When cardiac device wires need to come out

The new pacemaker in Robert Kostoss’ chest was put there to help his heart beat, and the wire from the device to his heart was a lifeline. He knew all that. What he didn’t understand were the symptoms he was suddenly experiencing: shaking fits that lasted up to a minute, and a feeling that he was going to hyperventilate. Twelve weeks were about to drop out of his life. “Long story short, the wound (from the pacemaker) never really healed. It progressively got worse and worse and worse,” Kostoss said.

A 41-year-old chef and father of two, Kostoss had developed an ugly infection around the new pacemaker and the lead, or wire, that delivers energy from a pacemaker or implantable cardioverter defibrillator to the heart muscle.

Electrophysiologist Jude Clancy, M.D., picked up on the problem immediately. He directs the Lead Management Program at Yale—one of the highest-volume centers of its kind in the Northeast and a provider of laser-based device lead extraction. One of his biggest obstacles is lack of awareness about the potential dangers of cardiac device leads.

Dr. Clancy has seen critically ill patients battle infections that cleared up within days after old leads were removed. He’s seen patients with as many as eight old leads abandoned in their bodies when new devices were implanted. Often no one realizes that the leads could be a problem until the patient notices severe redness and swelling in the implantation area, or the device literally erodes through the skin.

Rise in implanted devices

Millions of people have implanted cardiac devices. New devices keep improving—with the promise of leadless devices on the horizon. But many of the leads on currently implanted devices will need to be removed at some point. There are a variety of reasons:

  • A clot or scar tissue has blocked the vein.
  • The lead is broken, damaged or worn out.
  • The lead is malfunctioning, possibly because scar tissue has formed around the tip so that it needs more energy to function than the device can deliver.
  • The device is infected.
  • The patient has multiple leads.

“We try to take out leads to make room for new leads, and not have all these redundant leads, because the more leads you have the more they clog up the vascular space,” said Dr. Clancy. If a lead becomes infected, it can cause fevers, night sweats and other symptoms that may be ambiguous. “Most infections come in urgently, in the emergency room. When you look back, the patient has usually been to the emergency room multiple times before they’re admitted.”

‘Hell in a handbasket’

Kostoss had the first of multiple surgeries for a congenital heart problem when he was 36 hours old, and his first pacemaker implantation when he was 10. Everything always went smoothly until his third pacemaker was implanted last year. Five days later he began developing flu-like symptoms that grew progressively worse. “In a 36-hour-period, things went to hell in a hand basket,” he said. It was weeks before a blood test confirmed endocarditis, an infection of the inner tissue of the heart. He was referred to Dr. Clancy, who removed the new device and lead wire. Kostoss spent several more weeks recovering.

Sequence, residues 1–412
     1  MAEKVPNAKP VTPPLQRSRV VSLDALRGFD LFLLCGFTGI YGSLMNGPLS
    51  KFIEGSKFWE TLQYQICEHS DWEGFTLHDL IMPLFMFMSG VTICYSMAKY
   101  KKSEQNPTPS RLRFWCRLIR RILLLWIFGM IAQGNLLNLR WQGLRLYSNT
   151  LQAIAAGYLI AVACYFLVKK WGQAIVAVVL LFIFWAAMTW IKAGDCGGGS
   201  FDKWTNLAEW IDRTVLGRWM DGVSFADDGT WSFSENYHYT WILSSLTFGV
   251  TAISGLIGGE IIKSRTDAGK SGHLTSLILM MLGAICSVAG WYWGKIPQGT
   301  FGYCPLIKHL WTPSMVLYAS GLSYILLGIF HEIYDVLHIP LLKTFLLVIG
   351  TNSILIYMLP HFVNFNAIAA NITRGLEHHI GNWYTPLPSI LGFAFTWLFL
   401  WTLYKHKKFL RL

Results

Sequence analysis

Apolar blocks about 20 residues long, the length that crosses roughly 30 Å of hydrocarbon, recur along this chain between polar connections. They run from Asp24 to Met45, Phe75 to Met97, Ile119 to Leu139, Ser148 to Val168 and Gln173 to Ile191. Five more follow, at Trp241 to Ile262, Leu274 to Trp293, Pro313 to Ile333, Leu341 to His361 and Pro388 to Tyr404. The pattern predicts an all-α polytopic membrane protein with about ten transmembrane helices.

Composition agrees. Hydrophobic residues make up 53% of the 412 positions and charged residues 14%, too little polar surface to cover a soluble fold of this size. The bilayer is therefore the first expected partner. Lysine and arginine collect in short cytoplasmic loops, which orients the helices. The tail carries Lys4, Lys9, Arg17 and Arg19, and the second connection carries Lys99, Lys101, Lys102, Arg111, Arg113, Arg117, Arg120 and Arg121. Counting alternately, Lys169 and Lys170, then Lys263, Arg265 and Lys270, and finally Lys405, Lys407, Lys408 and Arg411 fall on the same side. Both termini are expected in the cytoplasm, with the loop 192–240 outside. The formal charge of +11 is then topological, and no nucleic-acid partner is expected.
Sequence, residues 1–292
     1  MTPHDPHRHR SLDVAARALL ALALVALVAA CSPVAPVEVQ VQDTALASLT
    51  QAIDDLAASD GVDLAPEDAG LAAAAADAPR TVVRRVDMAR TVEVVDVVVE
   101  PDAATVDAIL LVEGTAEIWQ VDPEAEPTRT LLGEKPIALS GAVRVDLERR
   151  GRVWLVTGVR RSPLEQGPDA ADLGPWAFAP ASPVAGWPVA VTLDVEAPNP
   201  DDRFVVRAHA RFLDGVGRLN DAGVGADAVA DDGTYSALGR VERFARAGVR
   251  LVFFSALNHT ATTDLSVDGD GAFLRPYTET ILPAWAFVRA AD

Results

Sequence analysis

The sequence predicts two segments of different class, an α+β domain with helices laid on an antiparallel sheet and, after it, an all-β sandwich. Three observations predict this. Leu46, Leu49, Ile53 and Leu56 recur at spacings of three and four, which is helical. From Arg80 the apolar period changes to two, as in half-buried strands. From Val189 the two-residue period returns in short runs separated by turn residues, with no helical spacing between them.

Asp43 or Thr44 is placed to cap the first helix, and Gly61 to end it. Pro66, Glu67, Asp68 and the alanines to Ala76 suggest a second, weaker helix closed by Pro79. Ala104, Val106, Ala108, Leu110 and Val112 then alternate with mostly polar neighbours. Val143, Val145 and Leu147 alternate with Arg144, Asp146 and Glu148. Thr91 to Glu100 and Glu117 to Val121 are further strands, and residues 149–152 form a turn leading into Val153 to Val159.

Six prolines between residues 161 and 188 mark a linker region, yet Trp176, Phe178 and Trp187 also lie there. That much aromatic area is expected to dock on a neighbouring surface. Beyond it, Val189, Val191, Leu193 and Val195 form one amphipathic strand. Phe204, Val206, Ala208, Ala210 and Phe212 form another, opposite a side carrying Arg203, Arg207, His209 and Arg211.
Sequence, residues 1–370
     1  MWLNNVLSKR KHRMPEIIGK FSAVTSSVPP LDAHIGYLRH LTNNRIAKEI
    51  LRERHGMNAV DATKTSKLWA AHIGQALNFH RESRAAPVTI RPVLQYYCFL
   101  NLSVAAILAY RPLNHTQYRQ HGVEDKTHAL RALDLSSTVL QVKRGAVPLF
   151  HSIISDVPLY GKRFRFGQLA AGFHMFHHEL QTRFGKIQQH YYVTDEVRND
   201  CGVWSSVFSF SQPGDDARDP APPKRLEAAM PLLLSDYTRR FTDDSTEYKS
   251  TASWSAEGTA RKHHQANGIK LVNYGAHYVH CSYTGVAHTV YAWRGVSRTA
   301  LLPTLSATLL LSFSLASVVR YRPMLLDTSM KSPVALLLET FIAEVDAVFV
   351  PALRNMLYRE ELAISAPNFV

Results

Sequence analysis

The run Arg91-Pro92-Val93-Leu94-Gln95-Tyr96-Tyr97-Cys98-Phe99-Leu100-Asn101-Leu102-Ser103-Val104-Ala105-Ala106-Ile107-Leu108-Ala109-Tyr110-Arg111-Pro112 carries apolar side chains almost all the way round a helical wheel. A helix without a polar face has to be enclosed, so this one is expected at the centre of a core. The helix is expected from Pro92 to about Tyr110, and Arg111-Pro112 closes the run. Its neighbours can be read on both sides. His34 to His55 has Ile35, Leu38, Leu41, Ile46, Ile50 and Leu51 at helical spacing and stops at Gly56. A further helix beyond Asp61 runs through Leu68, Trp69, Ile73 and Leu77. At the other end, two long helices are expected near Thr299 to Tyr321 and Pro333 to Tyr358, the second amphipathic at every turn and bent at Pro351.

“Now my advice (to other patients) is—if it doesn’t feel good for a couple of weeks, ask for another opinion,” Kostoss said.

Dr. Clancy said the best scenario is when a patient visits the lead management clinic before a problem becomes serious for an evaluation and discussion, an echocardiogram, and other tests. If he recommends lead extraction, the surgery may be a simple two-hour procedure that essentially involves pulling out the lead. If scar tissue has formed, however, removal can be a painstaking, delicate task, with surgeons spending up to eight hours pulling the scar tissue apart, or using a laser or mechanical drill-like tip to break up the scar. A full cardiothoracic backup team stays on standby during a lead extraction procedure.

The patient is given general anesthesia. The surgeon may extract the lead through an incision in the upper chest, or through a small puncture in the groin. Patients stay overnight, or longer if they are fighting an infection.

Procedure is highly successful

Yale reports performing 100 lead extractions in the past year with no mortality and a success rate of about 98 percent—equal to the national average of high-volume centers. “I can count on one hand the leads we have not been able to get out in the past year,” said Ryan Donovan, PA-C, who works closely with Dr. Clancy. The success rate will only improve if research by Dr. Clancy, Donovan, and others provide answers to such questions as why some patients form scar tissue more quickly than others and which metals are most resistant to scar tissue formation.

In the meantime, many people who need a lead extraction evaluation may realize they have the option. “If you have a patient with a device, you almost have to take the time to rule it out every time,’ said Dr. Clancy. “The symptoms might look like something else, but it might be the device. You should always have that suspicion.”

For more information about Yale’s Lead Management Program, call 203-785-4126.

This article was submitted by Mark Santore on August 13, 2014.

Jude Clancy, MD, (right), and Ryan Donovan, PA-C, consult with a patient about the best approach to managing old cardiac device leads.
Donovan and Clancy see patients in New Haven and at this office in Guilford.

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Jude F Clancy

Assistant Professor of Medicine (Cardiology)